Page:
Just got refused a 6m large home extension and dont understand why

26 Aug 2007
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United Kingdom

I just got refused planning for a 6m larger home extension. The reason for the refusal is as follows.

XXXXX Council can confirm that the above proposal does not meet the requirements of prior approval as the proposed extension would not meet some of the permitted development criteria of Class A: A.1 (J) the enlarged part of the dwellinghouse would extend beyond a wall forming a side elevation of the original dwellinghouse, and would - (iii) have a width greater than half the width of the original dwellinghouse

Below is a snapshot of the submitted plans. I would be grateful if someone can explain the reason for the refusal to me, the road behind me got same approval.




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The notch that sticks out the back (old cold house?) is the problem, making your proposal subject to side extension rules.

Is that notch part of the original building? Did the other neighbours leave that detail off their plans?

Presumably the conservatory isn't original?
Looking again, the notch and also the existing kitchen side extension may not be original either, so it's definitely a wrap around you're proposing!
So should the notch have been demolished ? or would the attached be acceptable ?
The green is the proposed new wall, and the red is a window. The manhole can come forward but lets assume its where it is now.

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If the side extension parts aren't original, then you're still proposing a wrap around because your new build is touching the other extension:

If the side extension parts aren't original, then you're still proposing a wrap around because your new build is touching the other extension:

If you look at the photos from OP's other posts the garage and side extension certainly do not look original.

If I was the OP I would go for a smaller extension, maybe 4 metres out and open up the existing dining room and I'm guessing the old kitchen. That would be more likely to get planning permission and would give a much better layout to the house. These big 6 metre extensions just create dead space in the middle of the house, the old kitchen and dining room will be very dark and uninviting, I bet no one would ever use them if that monster extension ever gets built. Less is more.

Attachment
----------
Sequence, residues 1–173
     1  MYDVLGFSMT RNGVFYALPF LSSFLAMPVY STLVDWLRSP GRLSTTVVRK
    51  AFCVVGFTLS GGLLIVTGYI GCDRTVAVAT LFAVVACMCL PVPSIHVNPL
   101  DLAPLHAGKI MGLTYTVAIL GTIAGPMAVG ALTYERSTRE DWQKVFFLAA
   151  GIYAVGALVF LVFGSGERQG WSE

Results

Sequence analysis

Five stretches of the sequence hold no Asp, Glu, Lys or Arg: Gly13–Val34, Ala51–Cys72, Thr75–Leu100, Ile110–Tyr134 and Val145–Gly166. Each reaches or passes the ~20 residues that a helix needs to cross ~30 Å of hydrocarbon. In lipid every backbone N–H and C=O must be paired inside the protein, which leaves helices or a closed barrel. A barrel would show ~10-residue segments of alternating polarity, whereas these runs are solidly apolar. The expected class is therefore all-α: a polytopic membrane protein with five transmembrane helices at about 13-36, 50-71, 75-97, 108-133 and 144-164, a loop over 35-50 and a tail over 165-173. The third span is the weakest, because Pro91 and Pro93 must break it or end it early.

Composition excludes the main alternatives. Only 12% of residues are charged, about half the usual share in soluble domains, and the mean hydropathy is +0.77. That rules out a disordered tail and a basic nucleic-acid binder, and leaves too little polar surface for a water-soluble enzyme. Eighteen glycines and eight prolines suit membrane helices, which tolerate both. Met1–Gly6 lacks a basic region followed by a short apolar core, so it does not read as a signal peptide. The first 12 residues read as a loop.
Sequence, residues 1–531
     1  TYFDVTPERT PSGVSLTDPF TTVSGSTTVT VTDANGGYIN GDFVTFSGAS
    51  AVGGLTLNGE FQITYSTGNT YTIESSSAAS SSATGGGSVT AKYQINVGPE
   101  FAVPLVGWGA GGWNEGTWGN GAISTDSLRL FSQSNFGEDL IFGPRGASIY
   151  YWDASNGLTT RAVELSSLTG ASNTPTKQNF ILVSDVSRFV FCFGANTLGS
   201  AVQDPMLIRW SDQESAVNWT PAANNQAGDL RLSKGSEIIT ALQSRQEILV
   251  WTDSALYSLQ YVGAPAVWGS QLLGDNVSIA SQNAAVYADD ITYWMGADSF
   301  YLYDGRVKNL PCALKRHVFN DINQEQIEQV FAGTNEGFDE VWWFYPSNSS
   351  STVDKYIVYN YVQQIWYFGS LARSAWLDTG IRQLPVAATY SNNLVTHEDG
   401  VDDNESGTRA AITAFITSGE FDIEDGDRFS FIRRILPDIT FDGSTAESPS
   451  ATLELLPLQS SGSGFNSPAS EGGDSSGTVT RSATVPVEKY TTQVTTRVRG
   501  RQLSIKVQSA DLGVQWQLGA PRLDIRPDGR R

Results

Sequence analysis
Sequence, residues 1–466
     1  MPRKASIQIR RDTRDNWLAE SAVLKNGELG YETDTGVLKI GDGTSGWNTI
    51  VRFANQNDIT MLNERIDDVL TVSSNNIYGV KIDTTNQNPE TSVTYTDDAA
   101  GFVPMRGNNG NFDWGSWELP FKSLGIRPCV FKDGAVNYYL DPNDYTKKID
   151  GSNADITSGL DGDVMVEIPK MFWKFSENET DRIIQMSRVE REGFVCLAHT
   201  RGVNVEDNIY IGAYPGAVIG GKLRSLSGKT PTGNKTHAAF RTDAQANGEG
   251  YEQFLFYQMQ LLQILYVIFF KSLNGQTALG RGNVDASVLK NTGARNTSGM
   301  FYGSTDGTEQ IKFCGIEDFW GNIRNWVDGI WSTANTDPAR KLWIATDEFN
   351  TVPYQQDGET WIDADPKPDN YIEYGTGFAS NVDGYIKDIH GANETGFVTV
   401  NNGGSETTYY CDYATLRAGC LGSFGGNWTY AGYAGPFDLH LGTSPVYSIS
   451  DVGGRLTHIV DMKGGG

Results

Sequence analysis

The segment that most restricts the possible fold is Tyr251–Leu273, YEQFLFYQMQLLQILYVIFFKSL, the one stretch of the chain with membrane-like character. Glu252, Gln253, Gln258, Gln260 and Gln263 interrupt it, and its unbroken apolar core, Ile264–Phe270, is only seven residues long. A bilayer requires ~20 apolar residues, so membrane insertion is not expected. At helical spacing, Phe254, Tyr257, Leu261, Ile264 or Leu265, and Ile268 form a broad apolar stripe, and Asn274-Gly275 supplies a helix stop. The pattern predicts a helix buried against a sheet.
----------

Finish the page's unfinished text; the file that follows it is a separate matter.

Isn't the situation that you have been informed your proposals don't come under Permitted Development rather than planning permission has been
refused ? (although it might still get refused if you submitted a formal planning application )
You can always ring your local planning dept up and ask them to explain it to you, also what do they suggest as a remedy?
What they have said is that you see that nudge which isn't part of the original house but an extension done by someone 30 yrs ago, the 6m should not extend to cover the entire width of the house but rather start from the side of that notch, this means an L shape with a 1.7m setback from the neighbours extension.
A variant of the 2nd design with no access to the old extension on the left might work. You would construct it with a 50mm air gap.

What are you going to use the room behind the entrance hall for?
The only way the 6m rear extension could be classed as permitted development to make it valid for the neighbour notification scheme would be to remove that part of the 30-year old side extension which extends beyond the rear wall - see sketch.
Otherwise, as others have pointed out, it becomes a wrap-round whereby the whole extension (ie side + rear) needs planning permission.
The aim is to completely separate the two extensions, so that there is no physical contact between them.

@RichA; I tried the trick of leaving a gap between two extensions (in my clients' case 150mm) but the council rejected the application as not being p.d. because the gap was so small that both extensions would 'read' as one. I looked further into this with several appeal cases and it appears that the gap must be 'material', and at least capable of serving some purpose, eg maintenance, so probably at least 0.8-1m? - there doesn't seem to be a consistent figure quoted anywhere. Strangely, this minimum gap does not apply with curtilage (Part E) buildings, where inspectors have approved of tiny gaps between a house and detached building, in one case down to 25mm.


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This might work ok without sacrificing too much.

Kitchen is a bit smaller; but utility & shower room are better/bigger.

(Although personally I would probably squeeze showerroom & utility to left side; and have an entrance into the kitchen from the entrance hall).

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